My personal experience: I have run for many years, a large percentage on sidewalks, most of the rest on cambered roads. The only injuries I've had that I can attribute to running resulted from pushing too hard in races.
I absolutely think about this. Most of my miles are pre-dawn in quite neighborhoods. At these times, I usually run very near the center of the road where the crown if flatter. I'll move over when traffic approaches (from either direction) and then migrate back towards center. There are a couple stretches of road on some of my runs where I cannot avoid a pretty acute slope. I just deal with it. I've never noticed any injury that can be attributed to this, but certainly some discomfort on the more obvious slopes.
Someone mentioned running an out and back route. That would make sense, but you'd have to be on the "wrong" side of the road during one leg for that strategy to work.
Somehow I manage to run on the side of the road where there is more terrain and obstacles to overcome. Usually the sidewalk, but I just like to get used to running on different scenaries to give myself an upper hand at any track field or terrain given. Hence, it also improves my endurance seeing that hills or uneven grounds require an extra push of energy to get through. I just find it more enjoyabloe and safer on the side though at night, I have to go to the center to avoid being eaten by a bear or coyote.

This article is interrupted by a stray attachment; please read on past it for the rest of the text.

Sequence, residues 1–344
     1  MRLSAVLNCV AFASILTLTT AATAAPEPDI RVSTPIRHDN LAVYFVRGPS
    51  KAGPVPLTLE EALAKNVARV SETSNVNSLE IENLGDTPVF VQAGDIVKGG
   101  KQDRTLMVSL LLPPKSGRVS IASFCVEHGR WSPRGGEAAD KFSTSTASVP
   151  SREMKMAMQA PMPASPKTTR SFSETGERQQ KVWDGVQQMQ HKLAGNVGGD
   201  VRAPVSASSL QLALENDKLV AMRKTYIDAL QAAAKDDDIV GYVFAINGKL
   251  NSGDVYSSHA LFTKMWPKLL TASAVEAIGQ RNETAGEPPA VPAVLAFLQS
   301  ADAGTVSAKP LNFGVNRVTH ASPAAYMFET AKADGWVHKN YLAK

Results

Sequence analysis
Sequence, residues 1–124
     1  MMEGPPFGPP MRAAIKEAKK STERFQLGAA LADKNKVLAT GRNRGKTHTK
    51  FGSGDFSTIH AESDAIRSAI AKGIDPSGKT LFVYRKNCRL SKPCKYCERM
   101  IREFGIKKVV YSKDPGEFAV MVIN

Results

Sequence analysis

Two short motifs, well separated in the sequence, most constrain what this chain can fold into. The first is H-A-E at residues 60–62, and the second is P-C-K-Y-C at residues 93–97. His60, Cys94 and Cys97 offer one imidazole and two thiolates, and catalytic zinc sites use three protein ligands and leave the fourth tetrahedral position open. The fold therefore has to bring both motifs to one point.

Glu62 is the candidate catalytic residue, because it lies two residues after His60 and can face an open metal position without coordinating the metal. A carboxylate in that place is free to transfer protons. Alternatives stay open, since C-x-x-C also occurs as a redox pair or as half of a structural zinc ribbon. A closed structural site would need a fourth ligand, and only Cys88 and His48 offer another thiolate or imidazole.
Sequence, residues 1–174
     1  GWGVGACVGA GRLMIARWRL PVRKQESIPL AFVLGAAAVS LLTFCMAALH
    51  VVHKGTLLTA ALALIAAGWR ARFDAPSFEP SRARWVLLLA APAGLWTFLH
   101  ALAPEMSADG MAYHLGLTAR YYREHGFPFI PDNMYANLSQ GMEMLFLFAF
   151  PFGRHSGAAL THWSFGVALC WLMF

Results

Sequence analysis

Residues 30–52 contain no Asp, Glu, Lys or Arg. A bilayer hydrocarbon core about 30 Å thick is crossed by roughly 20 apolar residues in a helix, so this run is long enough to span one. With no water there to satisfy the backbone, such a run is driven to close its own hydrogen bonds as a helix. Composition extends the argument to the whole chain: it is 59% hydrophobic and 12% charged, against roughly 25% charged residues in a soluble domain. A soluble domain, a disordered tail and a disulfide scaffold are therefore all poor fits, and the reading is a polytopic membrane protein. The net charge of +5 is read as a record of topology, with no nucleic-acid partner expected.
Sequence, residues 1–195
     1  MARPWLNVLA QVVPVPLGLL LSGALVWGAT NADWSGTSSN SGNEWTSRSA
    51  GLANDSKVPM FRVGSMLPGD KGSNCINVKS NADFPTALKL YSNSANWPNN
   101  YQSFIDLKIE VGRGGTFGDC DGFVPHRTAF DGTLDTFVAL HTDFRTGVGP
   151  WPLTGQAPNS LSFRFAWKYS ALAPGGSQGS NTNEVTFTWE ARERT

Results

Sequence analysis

"Help your team raise thousands without selling! www.mysportsdreams.com"
One answer I haven't seen is this. If you run a loop, run facing traffic which is the safest way to run, and then the next time out, reverse the loop. You can still run facing traffic but you are on the opposite side of the road. This is what I have been doing. I have a 1.6 mile loop in the neighborhood that one day I run one direction and the next time run the opposite direction. Same roads, opposite side each time. This eliminates the slope issue.
Next up - W3D3